Article

The neuropathic pain triad: Neurons, immune cells, and glia

Neural Plasticity Research Group, Department of Anesthesia and Critical Care, Massachusetts General Hospital and Harvard Medical School, Charlestown, Massachusetts 02129, USA.
Nature Neuroscience (Impact Factor: 14.98). 12/2007; 10(11):1361-8. DOI: 10.1038/nn1992
Source: PubMed

ABSTRACT Nociceptive pain results from the detection of intense or noxious stimuli by specialized high-threshold sensory neurons (nociceptors), a transfer of action potentials to the spinal cord, and onward transmission of the warning signal to the brain. In contrast, clinical pain such as pain after nerve injury (neuropathic pain) is characterized by pain in the absence of a stimulus and reduced nociceptive thresholds so that normally innocuous stimuli produce pain. The development of neuropathic pain involves not only neuronal pathways, but also Schwann cells, satellite cells in the dorsal root ganglia, components of the peripheral immune system, spinal microglia and astrocytes. As we increasingly appreciate that neuropathic pain has many features of a neuroimmune disorder, immunosuppression and blockade of the reciprocal signaling pathways between neuronal and non-neuronal cells offer new opportunities for disease modification and more successful management of pain.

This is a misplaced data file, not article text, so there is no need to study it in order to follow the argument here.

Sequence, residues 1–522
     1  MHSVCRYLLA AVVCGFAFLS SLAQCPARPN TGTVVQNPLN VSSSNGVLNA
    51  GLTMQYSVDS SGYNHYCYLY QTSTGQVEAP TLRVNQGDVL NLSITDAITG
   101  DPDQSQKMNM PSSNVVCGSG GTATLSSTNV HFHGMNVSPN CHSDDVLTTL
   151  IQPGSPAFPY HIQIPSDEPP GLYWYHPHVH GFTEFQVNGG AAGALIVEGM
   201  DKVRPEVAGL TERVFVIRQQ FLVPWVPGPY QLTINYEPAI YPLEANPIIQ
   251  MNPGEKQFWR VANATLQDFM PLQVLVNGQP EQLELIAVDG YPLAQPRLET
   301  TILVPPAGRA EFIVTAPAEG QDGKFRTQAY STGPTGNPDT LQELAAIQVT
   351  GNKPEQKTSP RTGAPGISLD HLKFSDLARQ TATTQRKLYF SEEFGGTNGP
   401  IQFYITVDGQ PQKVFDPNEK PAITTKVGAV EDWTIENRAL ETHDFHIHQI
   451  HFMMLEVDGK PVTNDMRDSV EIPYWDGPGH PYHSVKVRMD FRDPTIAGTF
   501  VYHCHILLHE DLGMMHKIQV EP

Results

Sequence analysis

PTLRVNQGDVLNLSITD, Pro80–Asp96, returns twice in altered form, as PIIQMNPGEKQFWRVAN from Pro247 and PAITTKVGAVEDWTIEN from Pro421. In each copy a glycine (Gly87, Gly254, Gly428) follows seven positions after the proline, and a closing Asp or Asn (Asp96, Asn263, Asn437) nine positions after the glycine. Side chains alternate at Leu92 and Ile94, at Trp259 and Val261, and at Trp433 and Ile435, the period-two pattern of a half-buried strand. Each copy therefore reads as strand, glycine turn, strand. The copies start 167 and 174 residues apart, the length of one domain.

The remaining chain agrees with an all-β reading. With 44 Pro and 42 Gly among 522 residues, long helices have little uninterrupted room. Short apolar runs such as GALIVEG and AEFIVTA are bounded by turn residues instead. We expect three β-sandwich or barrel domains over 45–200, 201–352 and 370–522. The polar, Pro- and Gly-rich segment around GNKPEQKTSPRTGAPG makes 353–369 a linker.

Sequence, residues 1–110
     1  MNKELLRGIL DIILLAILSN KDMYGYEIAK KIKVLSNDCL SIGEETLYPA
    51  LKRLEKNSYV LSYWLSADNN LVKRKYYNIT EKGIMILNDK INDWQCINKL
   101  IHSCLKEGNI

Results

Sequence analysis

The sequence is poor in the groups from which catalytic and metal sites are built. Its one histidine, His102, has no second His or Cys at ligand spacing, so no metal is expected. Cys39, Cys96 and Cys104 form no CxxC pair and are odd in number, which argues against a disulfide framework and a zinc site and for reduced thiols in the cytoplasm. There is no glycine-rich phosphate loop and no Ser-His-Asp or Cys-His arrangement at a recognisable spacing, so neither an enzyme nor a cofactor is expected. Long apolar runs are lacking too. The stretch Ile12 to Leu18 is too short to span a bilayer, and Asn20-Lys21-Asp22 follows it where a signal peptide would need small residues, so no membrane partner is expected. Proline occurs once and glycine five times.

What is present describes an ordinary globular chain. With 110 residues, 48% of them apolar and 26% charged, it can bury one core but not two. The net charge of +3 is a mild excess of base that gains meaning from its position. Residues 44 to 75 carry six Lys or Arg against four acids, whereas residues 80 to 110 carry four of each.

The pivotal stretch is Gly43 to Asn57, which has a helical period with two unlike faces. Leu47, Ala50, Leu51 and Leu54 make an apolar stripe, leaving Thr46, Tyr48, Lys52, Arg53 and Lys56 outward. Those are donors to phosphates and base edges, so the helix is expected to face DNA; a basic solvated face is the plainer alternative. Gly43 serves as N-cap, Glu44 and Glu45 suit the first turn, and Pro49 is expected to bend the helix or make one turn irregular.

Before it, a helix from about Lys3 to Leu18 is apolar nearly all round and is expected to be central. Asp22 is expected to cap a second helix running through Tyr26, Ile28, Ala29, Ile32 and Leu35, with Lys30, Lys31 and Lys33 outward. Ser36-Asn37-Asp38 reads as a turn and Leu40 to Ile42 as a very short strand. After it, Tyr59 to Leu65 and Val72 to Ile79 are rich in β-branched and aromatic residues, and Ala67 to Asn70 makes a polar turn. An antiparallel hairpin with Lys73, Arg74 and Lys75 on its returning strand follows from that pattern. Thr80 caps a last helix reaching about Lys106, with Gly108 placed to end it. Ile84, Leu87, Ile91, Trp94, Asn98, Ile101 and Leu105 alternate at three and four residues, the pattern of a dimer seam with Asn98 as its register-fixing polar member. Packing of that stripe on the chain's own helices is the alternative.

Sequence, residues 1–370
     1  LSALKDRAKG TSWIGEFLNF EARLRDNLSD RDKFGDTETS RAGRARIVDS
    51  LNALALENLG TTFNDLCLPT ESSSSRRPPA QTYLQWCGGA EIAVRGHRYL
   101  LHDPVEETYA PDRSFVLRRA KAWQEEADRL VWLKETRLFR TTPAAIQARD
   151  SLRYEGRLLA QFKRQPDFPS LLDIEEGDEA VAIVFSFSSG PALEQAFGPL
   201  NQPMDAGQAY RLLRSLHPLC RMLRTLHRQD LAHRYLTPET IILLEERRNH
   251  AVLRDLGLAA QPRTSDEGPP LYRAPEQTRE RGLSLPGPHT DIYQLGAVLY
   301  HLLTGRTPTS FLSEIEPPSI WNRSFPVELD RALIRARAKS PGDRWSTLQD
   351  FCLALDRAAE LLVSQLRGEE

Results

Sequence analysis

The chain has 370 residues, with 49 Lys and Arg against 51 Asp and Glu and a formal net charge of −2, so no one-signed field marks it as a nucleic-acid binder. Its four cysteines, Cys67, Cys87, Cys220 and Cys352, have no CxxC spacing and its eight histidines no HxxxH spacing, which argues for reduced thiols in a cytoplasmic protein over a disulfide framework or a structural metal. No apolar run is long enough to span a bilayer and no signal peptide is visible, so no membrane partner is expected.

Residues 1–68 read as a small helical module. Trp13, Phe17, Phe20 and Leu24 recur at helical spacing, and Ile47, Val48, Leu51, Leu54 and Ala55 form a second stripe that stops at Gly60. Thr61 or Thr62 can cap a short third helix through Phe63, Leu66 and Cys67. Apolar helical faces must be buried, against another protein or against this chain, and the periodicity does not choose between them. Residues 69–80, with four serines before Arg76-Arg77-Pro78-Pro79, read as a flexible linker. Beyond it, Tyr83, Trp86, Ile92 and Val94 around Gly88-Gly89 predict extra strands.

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Available from: Clifford J Woolf, Aug 30, 2015
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    • "Peripheral nerves are the source of almost all forms of neuropathic pain. Neuropathic pain is a complex syndrome resulting from many different forms of peripheral nerve damage, such as traumatic nerve damage, diabetes, and infections, as well as immune system and metabolic diseases [6]. For decades, a neuron-centered argument has been frequently used to explain the pathophysiology of chronic pain; however, recent studies have shifted attention towards a neuroimmune interaction. "
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    • "mechanisms. These neuronal pathophysiological mechanisms are being supplemented by an appreciation for the role of central immune signaling, such that neuropathic pain, for instance, is now considered as a neuroimmune disorder [3] (Fig. 1). "
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    • "Chronic pain that resulted from inflammation, infection, nerve injury , or cancer is a major public health problem worldwide. Neuroinflammation , which is mediated by a variety of inflammatory mediators, including cytokines and chemokines, has been recently recognized to play an important role in the pathogenesis of chronic pain (Mennicken et al., 1999; Miller et al., 2008; Scholz and Woolf, 2007; White et al., 2007). Chemokines are a family of small (8–12 kDa) proteins involved in the modulation of numerous biological functions, including leukocyte migration and activation, cell adhesion, and T cell activation via Gprotein-coupled receptors (GPCR). "
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